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How many ways to say ‘dead?’

“Hard to comprehend in the human mind
Impossible to envision leaving yourself behind.”
–Charles Aubrey Rogers
kick the bucket

Nobody wants to actually say the word dead.

We say “passed on,” “passed away,” “kicked the bucket,” “passed,” “gone to heaven,” “deceased,” “expired,” “gone,” “departed,” “fell asleep in Jesus” and a whole host of other phrases. Despite the fact that it happens to 100% of us, we are not the least bit comfortable with that subject and push it away.

Read the obituaries and see how many phrases are used to put lipstick on death. So entertaining to read some of them. Rarely does an obit say how someone died. Every time I read one that’s what I want to know. How did they die? Yet we omit that detail in a shroud of secrecy.

Doctors are taught in medical school not to mince words. When a patient dies, they are encouraged to use the word dead. Otherwise grief-stricken and shocked relatives won’t understand their relative has died. Saying they “passed on” elicited too much confusion and questions like, “What room did they go in?”

In the Western world, we bury and stuff our grief.

Granted, I wouldn’t expect someone to look forward to it like it’s happy hour. Or plan it with the excitement you’d plan a vacation to Europe. But when it happens, it’s not something to be ashamed of. Yet I’ve seen the fear in the eyes of others when I get teary as if my naked grief is an embarrassment.

We’re expected to somehow ‘move on’ when in fact it profoundly changes our lives–forces us to understand our own mortality and do something that makes our own lives more meaningful. Usually a brush with death does inspire people to take stock in their lives. Guess what? That’s actually a good thing.

I’ve decided to be very direct with my language.

I use the word suicide and died. You’ll never hear me use the phrase, “passed on” which makes me cringe.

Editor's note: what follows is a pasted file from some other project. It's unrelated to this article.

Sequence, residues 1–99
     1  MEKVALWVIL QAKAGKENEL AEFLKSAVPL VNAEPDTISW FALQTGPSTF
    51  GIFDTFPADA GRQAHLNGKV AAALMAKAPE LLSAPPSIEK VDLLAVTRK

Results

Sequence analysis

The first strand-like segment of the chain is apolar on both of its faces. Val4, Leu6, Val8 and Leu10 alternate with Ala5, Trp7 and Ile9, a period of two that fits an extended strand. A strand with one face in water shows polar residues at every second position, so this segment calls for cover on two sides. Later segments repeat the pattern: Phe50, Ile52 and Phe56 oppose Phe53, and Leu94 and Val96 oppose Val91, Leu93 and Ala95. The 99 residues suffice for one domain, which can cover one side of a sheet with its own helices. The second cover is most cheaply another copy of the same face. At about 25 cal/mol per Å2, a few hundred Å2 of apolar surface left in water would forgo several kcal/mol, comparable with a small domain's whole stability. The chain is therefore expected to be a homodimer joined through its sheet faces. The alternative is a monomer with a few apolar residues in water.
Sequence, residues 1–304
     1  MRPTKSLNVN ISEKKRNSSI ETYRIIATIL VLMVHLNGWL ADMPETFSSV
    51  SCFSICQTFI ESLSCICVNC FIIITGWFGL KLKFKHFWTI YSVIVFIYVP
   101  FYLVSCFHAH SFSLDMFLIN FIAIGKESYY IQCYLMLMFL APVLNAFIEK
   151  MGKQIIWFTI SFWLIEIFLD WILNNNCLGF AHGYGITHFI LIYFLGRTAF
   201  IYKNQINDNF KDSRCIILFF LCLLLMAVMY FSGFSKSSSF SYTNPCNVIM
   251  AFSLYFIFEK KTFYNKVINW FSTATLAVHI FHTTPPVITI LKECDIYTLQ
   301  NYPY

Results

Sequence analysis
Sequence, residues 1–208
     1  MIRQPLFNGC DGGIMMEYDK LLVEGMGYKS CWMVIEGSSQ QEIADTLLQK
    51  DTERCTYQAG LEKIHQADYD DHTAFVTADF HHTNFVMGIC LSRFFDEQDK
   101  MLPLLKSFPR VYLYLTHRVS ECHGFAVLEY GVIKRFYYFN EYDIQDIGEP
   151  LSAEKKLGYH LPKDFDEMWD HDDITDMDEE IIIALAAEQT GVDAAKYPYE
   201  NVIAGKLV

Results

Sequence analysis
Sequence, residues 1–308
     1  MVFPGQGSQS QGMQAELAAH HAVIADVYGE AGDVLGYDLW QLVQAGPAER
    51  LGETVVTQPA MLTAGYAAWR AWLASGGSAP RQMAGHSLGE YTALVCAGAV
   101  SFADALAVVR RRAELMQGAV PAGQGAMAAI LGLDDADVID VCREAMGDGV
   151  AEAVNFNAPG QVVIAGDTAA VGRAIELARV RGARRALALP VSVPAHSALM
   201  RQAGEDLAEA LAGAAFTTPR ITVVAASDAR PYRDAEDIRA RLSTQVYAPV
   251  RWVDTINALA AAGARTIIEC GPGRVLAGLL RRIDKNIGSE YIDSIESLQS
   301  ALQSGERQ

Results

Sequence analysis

The thought of sugar coating death with a pearly phrase that sounds like a gastrointestinal issue to make it more palatable is utterly hilarious to me.

I can literally hear Charles laughing in my ear and telling me fart jokes.

Published by

Anne Moss Rogers

I am an emotionally naked mental health speaker, and author of the Book, Diary of a Broken Mind and co-author with Kim O'Brien PhD, LICSW of Emotionally Naked: A Teacher's Guide to Preventing Suicide and Recognizing Students at Risk. I raised two boys, Richard and Charles, and lost my younger son, Charles to addiction and suicide on June 5, 2015. I help people foster a culture of connection to prevent suicide, reduce substance misuse and find life after loss. My motivational mental health keynotes, training and workshop topics include suicide prevention, addiction, mental illness, anxiety, coping strategies/resilience, and grief. As talented and funny as Charles was, letting other people know they matter was his greatest gift. And now the legacy I try and carry forward in my son's memory. Mental Health Speakers Website. Trained in ASIST and trainer for the evidence-based 4-hour training for everyone called safeTALK.

4 thoughts on “How many ways to say ‘dead?’”

  1. I still have a hard time with saying “Whitten died” or “my son is dead”.
    It still seems impossible. I have to go over it over and over on business trips with my husband, because that’s all women seem to ask. ..”so do you have any children?” “do you work?”
    My answer of “no” to both, sends them on their way quickly, like they have no idea what else to talk about….and sometimes brings them to tears. I don’t usually end up in the “ladies’ group” at the bar or dinner. I have to try extra hard to be charming now.

    1. Oh Gray, just be you. I had that fear of being “depressing.” But what I found out is that in a group of women, if I talk about Charles it’s not more than 5 minutes and then I end up talking about a lot of other things with that group. The hard part is not getting that minute to say what happened to Charles. I blurted it out the first time I was asked. After that I practiced it to my windshield. I think Whitten’s legacy deserves it. You deserve it. Love you.

      1. I love this, Anne Moss. I struggle when I write sympathy cards. As a hospice social worker I am very comfortable with “death,” “died.” It feels strange to me to say “passed on” yet I know for some it is more gentle and compassionate. I continue to be impressed and thankful for your wise words. Much love to you…

  2. Anne Moss–I couldn’t agree more. I never sugarcoat Mark’s death. I always use the word “died”. I know it sounds morbid–perhaps even horrifying for some, but death IS morbid.

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